6. Two Models for Cholesterol Trafficking from Endosomes to Mitochondria
One model for how STARD3 mediates cholesterol trafficking in the placenta from late endosomes to mitochondria is illustrated in Figure 1. In eukaryotic cells, lipid transfer between organelles occurs at membrane contact sites (MCS) where each limiting membrane is closely apposed [31-34]. MCS provide regions for some protein–protein interactions and for exchanging signals and small molecules, such as lipids and ions. Both cholesterol-binding proteins STARD3 and MENTHO can bind the ER protein VAP. Hence, it is possible that cholesterol from late endosomes is transported to the ER via endosome-ER MCS and subsequently to mitochondria via the mitochondria-associated ER membrane (MAM) . STARD3 has been proposed to sort cholesterol to the ER. Interestingly, the cholesterol content in the ER is lower (approximately 1%) than in either the plasma membrane or endosomes . In addition, transfer from lysosomes to the plasma membrane takes less than 2 min . Hence, cholesterol may pass through the ER rapidly and subsequently transit to mitochondria. Since the ER associates with both late endosomes and mitochondria, such indirect apposition may contribute to the cholesterol transfer.
Alternatively, ‘late endosome-mitochondria’ MCS may form that mediate cholesterol sorting. We detected this close membrane contact by electron microscopy (unpublished results). Early endosomes, which are the first to receive endocytosed LDL, are far from mitochondria and probably not where cholesterol sorting occurs (unpublished results). The STARD3-VAP complex, probably acting as a tether, could contribute to MCS formation. Since some lipid exchange at MCS does not appear to require START domain-containing proteins, other lipid transporter-like ABCAs such as ABCA3 may mediate cholesterol transport directly from late endosomes to mitochondria . In the placenta, rapid progesterone production is needed in order to maintain pregnancy. We therefore suspect that ‘cholesterol-loaded’ late endosomes directly sort cholesterol to mitochondria. Since STARD3 has also been found in the plasma membrane, it could help transport cholesterol on the plasma membrane directly to mitochondria or via the ER (Figure 1). These hypotheses are not mutually exclusive and require further investigation.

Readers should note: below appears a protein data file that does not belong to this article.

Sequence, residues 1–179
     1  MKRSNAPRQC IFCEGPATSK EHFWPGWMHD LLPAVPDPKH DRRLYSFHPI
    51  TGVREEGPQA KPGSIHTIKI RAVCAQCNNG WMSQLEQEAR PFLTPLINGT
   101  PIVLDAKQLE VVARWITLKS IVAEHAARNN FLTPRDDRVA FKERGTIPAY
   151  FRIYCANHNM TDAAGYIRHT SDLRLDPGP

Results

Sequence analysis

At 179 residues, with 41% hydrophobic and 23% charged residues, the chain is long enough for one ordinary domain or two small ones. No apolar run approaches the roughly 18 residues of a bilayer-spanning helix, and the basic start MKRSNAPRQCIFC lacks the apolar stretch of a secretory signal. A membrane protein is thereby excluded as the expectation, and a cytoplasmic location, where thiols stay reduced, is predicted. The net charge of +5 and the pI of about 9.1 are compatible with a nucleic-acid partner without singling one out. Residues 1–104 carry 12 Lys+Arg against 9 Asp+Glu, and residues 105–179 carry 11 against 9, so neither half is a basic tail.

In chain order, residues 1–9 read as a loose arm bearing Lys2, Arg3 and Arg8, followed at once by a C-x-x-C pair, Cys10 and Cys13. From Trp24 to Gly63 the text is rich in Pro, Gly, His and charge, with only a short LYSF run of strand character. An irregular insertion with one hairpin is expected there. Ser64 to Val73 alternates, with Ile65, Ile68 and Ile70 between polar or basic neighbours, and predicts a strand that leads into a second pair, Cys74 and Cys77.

7. Concluding Remarks
Although recent work has begun to elucidate the role of STARD3 in steroidogenesis, how cholesterol is transported from one compartment to another remains to be clarified. To elucidate any speculation concerning cholesterol trafficking, we have reviewed specific parts of selected, recent studies concerning STARD3. We apologize to any researchers whose work could not be cited here. We look forward to discussing their work in the future.
We are supported by Collaborative Research Grants for Nagahama Institute of Bio-science and Technology.